The ranger for the condor program walks by, invites me to his talk, sees the lens, wishes me luck. He has not seen a condor today either. I ask him about the ice cream. He shakes his head and smiles. The program is in an open area thirty yards down the path, and a few people are gathering. I can only guess that I have chosen a propitious spot for my vigil. Wouldn't the park staff, here and observant every day, choose a spot for a condor talk where a live condor might actually fly by?
Many of the tourists milling about with their ice cream are more interested in my camera lens than they are in Canyon views, the awe of the place apparently wearing off quickly. I hear laughter behind me. I turn to see a group of about twenty Japanese tourists pointing at my camera and lens and taking pictures of . . . me, my camera, and my lens. They smile and wave and, when I smile back, several walk over beside me, turn and smile toward their compatriots on the walkway busily snapping away with point-and-shoots. I smile at the point-and-shoots too. Alright, my lens is bigger than their lenses, but it's not a "super telephoto." Maybe they recognize the Canon brand and know it is Japanese made. Becoming the center of this photo op, Grand Canyon in the background, is more weird than the ice cream thing. I should contact Canon's advertising and marketing department. One of their lenses is trumping one of the world's natural wonders, and I have become a Canon groupie.
I turn back to my vigil and glance at my watch. It is 3:45. The ranger talk, down the path to the west, is well under way. Far out beyond El Tovar a skyspeck morphs into a large, dark bird. It is not flying with purposeful wingbeats like the ubiquitous Canyon ravens. It is soaring, effortlessly, riding thermals rising off the rim. I bring the lens up as the specter, now huge, reaches the flagpole.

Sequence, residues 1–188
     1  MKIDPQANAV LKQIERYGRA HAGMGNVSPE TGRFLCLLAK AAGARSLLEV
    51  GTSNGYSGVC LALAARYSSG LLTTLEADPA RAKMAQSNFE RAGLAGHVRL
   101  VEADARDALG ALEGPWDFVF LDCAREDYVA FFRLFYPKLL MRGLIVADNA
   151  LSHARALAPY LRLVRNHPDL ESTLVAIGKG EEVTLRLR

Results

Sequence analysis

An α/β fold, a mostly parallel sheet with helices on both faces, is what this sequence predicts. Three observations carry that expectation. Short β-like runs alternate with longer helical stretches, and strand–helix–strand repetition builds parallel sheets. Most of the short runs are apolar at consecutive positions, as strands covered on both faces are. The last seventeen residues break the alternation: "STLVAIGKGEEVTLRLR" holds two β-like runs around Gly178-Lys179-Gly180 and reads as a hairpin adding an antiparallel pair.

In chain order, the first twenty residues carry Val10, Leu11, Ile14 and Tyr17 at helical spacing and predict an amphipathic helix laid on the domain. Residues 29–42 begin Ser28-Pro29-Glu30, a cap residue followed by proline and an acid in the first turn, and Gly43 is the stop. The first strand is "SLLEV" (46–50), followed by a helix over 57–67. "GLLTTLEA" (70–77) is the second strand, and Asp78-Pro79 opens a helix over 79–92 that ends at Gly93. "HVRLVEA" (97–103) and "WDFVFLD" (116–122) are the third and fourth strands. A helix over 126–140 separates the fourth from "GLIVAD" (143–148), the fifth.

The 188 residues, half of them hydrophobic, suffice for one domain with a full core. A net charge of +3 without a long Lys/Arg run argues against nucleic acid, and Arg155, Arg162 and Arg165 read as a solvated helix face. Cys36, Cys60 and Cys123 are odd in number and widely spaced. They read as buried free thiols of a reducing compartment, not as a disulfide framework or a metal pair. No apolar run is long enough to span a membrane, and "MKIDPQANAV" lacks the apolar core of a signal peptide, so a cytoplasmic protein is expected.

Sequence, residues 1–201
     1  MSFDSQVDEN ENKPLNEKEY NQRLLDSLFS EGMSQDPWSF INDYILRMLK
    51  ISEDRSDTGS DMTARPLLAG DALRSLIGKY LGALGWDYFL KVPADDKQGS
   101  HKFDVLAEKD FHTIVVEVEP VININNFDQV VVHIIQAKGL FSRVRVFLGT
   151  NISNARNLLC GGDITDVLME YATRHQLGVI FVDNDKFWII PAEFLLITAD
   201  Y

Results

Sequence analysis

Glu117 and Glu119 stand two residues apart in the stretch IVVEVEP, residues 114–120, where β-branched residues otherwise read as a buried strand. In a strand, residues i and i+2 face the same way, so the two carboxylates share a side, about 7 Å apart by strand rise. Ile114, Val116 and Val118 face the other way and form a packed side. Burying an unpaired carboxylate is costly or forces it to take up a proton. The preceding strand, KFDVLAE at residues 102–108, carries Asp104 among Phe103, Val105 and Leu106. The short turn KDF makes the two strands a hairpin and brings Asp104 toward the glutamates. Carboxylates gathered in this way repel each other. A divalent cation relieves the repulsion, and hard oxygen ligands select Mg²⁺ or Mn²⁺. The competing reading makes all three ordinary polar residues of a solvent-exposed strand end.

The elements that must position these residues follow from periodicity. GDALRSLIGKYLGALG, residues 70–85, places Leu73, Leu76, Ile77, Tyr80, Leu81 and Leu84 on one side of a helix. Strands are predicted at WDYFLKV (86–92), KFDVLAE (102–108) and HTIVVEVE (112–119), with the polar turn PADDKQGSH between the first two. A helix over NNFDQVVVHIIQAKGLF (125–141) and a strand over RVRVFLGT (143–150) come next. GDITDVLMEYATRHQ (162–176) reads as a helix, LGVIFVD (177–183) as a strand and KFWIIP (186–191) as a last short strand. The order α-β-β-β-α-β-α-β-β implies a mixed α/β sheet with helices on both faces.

I figure in the rapidly closing distance between the condor and me there are upwards of 200 people. None sees the bird. Many do not know what a condor is or the significance of its comeback here from the brink of extinction. Most are peering down into the Canyon, licking their ice cream, or watching me as I follow focus, hand holding the lens. The sun is directly behind me as the condor passes directly in front of me, at eye level. The camera speaks in bursts. I shout at the ranger. Tourist heads turn. Tourist eyes follow the lens out over the void, seeing at last the giant bulb of pink head and the huge dark planks of wings with their two foot long primary fingers. This is the Canyon's only true non-tourist.
This avian wonder, this leftover myth from an ancient world, renders the word "awesome" innocuous. I capture its image. I know I am a tourist too. I know I was born a hundred years too late.
|California Condor flight profile|